Spirits in the Woods is a panel of manipulated photos I originally put together eight years ago, when I entered my first annual exhibition organised by Croydon Camera Club.
Not having entered the exhibition for several years, due to various reasons, but with this year being the 125th anniversary of the club, I made the effort to enter the Photo 2015 exhibition with a re-imagining of that panel.
View the Panel It's the same theme and ideas, reworked into four images, and created from photos I specifically went out and took for the panel. This was a first for me - generally I'll go to take photos of whatever I might find, occasionally with vague notions, but without a clear intent/goal. My previous panels were all put together independent of the shooting stage.
Having set myself the aim of re-creating the panel, I made notes on what that meant; what I wanted in it. I then decided on a location I hoped would provide the necessary scenes, waited for appropriate weather, then went out solely to get the shots for the panel.
The original version of the panel was made mostly from photos taken in 2006 on holiday to the Isle of Skye and Lochalsh region in Scotland, and primarily a woodland near Glenelg.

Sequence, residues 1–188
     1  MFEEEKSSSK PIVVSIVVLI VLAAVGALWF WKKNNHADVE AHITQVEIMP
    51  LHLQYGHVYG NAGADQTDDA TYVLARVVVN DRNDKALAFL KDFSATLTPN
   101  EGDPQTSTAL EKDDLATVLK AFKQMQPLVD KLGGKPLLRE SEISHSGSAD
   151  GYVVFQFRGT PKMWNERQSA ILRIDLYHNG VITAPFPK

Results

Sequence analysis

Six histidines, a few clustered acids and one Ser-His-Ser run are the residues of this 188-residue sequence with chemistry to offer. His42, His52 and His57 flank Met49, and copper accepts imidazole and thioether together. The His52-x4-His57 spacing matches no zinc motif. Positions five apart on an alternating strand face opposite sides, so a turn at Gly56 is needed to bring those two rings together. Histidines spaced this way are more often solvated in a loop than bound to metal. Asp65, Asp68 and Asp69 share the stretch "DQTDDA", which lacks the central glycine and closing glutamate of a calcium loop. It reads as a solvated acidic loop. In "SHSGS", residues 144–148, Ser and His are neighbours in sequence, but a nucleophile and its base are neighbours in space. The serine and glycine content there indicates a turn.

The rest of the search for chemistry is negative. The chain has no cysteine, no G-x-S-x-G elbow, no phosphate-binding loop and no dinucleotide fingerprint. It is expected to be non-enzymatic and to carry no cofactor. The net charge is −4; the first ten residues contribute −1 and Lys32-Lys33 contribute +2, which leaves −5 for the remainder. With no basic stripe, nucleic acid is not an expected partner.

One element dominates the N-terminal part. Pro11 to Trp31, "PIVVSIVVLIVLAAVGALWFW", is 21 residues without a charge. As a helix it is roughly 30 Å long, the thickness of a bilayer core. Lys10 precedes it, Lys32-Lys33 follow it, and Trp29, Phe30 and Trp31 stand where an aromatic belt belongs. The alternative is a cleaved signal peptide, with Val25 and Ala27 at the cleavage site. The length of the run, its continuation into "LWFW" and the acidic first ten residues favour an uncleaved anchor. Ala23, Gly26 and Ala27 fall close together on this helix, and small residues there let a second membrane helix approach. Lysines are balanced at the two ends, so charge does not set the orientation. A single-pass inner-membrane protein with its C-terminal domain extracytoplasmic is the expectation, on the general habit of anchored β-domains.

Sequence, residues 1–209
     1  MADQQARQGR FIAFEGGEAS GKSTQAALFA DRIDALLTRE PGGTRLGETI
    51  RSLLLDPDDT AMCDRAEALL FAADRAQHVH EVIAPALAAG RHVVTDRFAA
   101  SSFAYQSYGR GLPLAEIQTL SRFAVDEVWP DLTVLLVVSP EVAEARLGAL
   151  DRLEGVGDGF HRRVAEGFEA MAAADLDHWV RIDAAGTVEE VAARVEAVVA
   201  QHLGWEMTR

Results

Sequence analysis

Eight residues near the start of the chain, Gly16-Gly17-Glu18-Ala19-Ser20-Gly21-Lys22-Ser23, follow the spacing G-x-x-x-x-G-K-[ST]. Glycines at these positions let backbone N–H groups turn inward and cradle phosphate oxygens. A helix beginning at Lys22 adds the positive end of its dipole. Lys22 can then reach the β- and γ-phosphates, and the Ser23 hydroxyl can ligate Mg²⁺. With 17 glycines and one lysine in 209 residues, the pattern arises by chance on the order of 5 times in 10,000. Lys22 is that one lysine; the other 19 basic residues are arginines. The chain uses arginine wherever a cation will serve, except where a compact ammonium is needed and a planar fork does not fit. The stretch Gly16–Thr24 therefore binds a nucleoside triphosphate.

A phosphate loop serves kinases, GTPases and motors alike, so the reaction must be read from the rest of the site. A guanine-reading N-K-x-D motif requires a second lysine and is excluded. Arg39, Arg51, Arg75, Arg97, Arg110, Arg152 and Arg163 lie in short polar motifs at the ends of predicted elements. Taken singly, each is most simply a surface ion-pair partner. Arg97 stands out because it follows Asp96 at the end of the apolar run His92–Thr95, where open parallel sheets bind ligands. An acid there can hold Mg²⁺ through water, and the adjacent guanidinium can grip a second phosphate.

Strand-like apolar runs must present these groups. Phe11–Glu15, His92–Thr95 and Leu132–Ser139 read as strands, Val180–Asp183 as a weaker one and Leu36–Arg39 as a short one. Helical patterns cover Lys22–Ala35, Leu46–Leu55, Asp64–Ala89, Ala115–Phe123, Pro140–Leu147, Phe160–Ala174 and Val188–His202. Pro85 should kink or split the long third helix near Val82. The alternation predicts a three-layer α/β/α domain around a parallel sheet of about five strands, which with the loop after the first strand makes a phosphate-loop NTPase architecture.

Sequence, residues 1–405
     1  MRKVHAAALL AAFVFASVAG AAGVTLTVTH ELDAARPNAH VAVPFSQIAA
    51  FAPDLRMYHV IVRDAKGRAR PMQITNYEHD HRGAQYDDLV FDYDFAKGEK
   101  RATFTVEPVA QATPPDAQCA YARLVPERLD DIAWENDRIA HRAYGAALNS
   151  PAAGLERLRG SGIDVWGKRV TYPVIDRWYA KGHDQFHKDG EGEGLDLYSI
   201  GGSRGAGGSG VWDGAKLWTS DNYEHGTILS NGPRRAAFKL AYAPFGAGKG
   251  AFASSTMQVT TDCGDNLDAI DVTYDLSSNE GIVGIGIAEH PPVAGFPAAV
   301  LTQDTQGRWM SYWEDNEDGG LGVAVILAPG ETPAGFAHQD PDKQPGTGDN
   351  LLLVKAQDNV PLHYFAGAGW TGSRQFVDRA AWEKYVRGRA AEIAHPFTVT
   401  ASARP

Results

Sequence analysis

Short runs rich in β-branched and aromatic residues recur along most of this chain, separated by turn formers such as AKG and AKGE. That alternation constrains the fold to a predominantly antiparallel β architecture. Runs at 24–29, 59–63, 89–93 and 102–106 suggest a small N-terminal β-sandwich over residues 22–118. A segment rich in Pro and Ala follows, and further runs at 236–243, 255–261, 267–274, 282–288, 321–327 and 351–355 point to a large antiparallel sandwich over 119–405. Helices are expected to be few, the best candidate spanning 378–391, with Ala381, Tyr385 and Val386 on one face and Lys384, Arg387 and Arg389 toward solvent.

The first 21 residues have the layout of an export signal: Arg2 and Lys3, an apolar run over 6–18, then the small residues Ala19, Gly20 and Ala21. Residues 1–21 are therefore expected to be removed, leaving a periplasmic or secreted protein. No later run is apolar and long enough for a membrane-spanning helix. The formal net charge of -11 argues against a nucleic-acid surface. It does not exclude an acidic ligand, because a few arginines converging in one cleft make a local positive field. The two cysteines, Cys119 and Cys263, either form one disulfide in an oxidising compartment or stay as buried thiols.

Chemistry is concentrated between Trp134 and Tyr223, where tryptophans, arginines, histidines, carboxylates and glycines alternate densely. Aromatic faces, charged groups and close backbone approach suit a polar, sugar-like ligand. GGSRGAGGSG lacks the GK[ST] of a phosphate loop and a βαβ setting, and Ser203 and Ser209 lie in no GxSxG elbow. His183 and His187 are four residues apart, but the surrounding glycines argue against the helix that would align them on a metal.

It's an incredibly beautiful part of the world and I would have loved to return there, but had to settle for somewhere closer. Every photo that went into v2 was taken at Lyminge Forest in Kent - the sole exception being the crow which is from the same shot used by the original panel.
Lyminge Forest is a popular and relatively well visited area, so getting people intruding into frame was a concern, but the shots I wanted meant going off the main tracks anyway, and it ended up not being an issue. Of course, appropriate footwear and trousers are useful to get through muddy patches and areas overgrown with brambles and nettles.
The original version of Destruction.
I knew I wanted new versions of Haunted Forest and Destruction but remaining similar to the first versions and that I wanted to replace Wraith with something done properly.
Beyond that, I had various ideas, but the key was to create a cohesive panel. I wanted depth, to create pictures that you could get in to and explore, and a panel that guides the imagination in to telling a story.
I set about looking for shots with these things in mind, and was fortunate to have a low winter sun providing interesting lighting conditions whilst being bright enough to stick with ISO 400 for most shots, using ±2 bracketing to not lose the detail in high contrast scenes. The flexibility of a 24-120mm f/4 VR meant switching lenses was unnecessary.
I came away with a palette of over 200 exposures, and I use the term palette
intentionally - it was not a case of taking lots of images and hoping to get
lucky, but a deliberate activity of looking for and capturing components and